Results of previous work on calving habitats of the PCH have also shown that riparian zones and dwarf shrub areas are selected by caribou cows in annual calving grounds [5,24], though tussock tundra-dominated habitats are generally considered the dominant calving habitat [5,24], particularly in densely used calving areas (i.e. ‘concentrated calving grounds’, sensu ). The Jago Bitty was part of the concentrated calving areas of the 1990s and early 2000s [5,24]. Thus, contrary to our data, there is some expectation that the most notable antler and neonatal bone assemblages should be recovered from regions of tussock tundra. If bone data are picking up calving sites themselves, discrepancies between bone and aerial surveys may largely be manifestations of differences in geographical scale and spatial resolution of the data. Bone surveys, for example, can differentiate and sample finer habitat patches than possible when aerial observations or GPS data are projected onto the coarser resolutions of many vegetation models. An additional contributing factor to differences in results may include the vegetation structure of Jago Bitty itself, where tussock tundra habitats include tightly spaced tussocks reaching 45 cm in height (approx. equal to or greater than neonatal caribou chest-heights ). Tussock tundra at Jago Bitty could be a particularly uncomfortable calving area for cows and may be difficult to navigate for newborn calves under predator stress, leading to increased use of flatter, more open areas. Further sampling across ANWR will explore the contribution of tussock habitat structure on abundance of neonatal MNI. If, instead, bone data are largely delineating regions of post-calving importance (not calving sites themselves), the mismatch between aerial and bone surveys speak to changes in habitat use during different stages of the calving period, with bone data providing a unique dataset on landscape use of mother and calf during the critical first few days of life. Overall, while tussock tundra habitats are important to the overall calving process [5,24,32], riparian terraces appear to have previously unrecognized significance during the calving period.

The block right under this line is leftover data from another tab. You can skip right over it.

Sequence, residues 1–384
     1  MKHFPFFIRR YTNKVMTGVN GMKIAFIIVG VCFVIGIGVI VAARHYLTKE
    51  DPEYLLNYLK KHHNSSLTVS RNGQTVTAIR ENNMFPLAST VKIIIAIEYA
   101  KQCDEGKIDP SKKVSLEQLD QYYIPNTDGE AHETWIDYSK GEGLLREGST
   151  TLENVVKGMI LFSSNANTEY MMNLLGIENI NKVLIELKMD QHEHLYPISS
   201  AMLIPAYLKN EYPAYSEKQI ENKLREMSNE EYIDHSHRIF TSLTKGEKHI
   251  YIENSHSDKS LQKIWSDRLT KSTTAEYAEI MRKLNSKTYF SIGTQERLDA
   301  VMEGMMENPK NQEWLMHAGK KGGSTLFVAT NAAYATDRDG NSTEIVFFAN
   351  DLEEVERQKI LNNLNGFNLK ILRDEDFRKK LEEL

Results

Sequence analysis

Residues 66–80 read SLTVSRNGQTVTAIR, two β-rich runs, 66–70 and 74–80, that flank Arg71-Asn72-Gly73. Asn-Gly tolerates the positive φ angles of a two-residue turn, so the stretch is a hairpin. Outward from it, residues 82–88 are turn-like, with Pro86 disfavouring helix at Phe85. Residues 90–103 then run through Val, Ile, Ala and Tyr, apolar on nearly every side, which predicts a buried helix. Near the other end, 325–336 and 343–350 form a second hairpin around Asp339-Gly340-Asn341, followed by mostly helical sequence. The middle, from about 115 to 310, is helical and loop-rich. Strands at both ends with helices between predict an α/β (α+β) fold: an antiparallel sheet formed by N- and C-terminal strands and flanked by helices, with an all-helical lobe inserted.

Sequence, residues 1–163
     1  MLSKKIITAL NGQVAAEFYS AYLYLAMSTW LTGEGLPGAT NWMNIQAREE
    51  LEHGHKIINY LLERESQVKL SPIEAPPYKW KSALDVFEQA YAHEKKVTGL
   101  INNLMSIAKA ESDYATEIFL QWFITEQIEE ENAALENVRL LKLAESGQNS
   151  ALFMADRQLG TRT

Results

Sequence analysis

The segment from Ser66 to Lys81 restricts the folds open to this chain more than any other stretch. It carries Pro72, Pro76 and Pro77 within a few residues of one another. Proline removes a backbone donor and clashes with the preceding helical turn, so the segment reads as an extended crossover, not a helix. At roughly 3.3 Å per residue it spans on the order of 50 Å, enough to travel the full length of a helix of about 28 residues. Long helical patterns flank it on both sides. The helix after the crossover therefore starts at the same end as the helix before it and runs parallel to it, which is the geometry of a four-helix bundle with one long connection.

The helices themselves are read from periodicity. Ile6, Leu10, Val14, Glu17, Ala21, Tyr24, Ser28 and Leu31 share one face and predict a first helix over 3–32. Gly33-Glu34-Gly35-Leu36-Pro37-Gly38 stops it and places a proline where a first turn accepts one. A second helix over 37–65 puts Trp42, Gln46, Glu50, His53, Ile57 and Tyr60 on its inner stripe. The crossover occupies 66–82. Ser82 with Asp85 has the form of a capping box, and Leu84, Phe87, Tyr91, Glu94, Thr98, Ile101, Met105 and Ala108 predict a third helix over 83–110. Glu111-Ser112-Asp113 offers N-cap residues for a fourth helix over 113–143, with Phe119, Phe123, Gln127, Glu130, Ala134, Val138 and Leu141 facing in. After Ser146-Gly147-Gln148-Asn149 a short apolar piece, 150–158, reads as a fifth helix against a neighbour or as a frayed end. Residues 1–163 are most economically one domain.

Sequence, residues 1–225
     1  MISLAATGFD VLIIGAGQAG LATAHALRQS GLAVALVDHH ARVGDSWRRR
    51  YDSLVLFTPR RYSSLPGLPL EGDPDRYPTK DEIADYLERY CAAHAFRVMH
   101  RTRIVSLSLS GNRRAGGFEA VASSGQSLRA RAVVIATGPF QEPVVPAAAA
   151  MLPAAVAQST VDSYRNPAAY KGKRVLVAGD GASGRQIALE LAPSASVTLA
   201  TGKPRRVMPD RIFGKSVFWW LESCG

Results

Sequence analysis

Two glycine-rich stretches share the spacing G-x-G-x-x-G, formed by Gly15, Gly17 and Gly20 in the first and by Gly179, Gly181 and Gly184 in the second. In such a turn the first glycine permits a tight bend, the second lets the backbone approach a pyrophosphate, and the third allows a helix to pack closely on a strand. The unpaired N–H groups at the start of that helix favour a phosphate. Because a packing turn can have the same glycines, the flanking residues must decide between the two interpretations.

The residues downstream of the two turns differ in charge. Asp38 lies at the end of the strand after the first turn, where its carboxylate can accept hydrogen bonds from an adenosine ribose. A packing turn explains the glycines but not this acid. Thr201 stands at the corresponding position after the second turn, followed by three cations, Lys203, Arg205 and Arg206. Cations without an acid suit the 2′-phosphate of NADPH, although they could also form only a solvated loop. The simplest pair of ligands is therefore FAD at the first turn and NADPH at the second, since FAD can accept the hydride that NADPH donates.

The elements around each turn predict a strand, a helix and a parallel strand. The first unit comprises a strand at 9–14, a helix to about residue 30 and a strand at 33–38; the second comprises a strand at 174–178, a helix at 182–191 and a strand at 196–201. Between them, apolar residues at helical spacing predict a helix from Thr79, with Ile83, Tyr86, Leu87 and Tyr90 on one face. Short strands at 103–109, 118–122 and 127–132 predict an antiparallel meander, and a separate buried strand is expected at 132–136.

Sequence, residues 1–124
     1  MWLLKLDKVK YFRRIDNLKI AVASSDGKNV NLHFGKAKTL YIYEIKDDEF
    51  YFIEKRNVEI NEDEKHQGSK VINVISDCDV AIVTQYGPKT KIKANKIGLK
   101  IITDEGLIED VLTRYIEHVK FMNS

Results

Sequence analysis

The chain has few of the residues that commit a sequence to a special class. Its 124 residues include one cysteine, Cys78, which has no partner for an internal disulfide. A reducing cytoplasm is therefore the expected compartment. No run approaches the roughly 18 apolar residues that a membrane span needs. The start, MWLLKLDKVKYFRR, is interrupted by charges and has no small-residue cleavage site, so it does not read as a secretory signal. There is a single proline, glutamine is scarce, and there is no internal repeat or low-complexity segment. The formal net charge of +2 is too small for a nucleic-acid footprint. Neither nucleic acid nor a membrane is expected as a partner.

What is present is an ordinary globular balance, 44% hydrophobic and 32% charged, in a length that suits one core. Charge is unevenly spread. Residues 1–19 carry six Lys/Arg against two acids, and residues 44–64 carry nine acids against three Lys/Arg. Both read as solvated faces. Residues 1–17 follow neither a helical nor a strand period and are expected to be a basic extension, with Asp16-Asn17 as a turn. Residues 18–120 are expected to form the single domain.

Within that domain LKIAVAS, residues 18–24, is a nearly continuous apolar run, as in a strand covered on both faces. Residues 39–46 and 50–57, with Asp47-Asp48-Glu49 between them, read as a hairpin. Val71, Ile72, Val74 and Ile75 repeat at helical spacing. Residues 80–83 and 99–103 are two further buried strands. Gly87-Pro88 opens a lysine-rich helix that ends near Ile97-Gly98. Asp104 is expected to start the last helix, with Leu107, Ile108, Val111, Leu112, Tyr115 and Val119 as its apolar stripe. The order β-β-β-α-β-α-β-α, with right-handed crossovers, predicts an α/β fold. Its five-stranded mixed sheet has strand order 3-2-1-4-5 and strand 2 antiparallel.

(c) Antler damage and loss
Previous descriptions of modern subarctic landscapes suggest that antlers are readily consumed by rodents, carnivores and ungulates [33,34] (gnaw marks from each are morphologically distinguishable ), impacting maximum survival duration of antlers on the landscape. While some gnawing of antlers in ANWR is common (59% of the antlers show damage from carnivores and/or caribou; table 1; electronic supplementary material, appendix B), damage is minimal to moderate and largely concentrated on protein-rich  distal antler ends. Importantly, no bones (including antlers) at the Jago Bitty show clear evidence of rodent gnawing (see the electronic supplementary material, text 7.0). This pattern of low damage and the lack of rodent gnawing is a significant departure from previous observations of bones in northern ecosystems [33,34]. On the Coastal Plain of ANWR (and, perhaps, on many arctic landscapes), antler loss rates appear more closely tied to bone weathering (decomposition) and burial (trampling and tundra overgrowth) than bone consumption, enhancing the potential of regional bone accumulations to supply valuable ecological data spanning centennial to millennial timescales.
(d) Antler weathering stage distribution mirrors multi-decadal patterns of caribou landscape use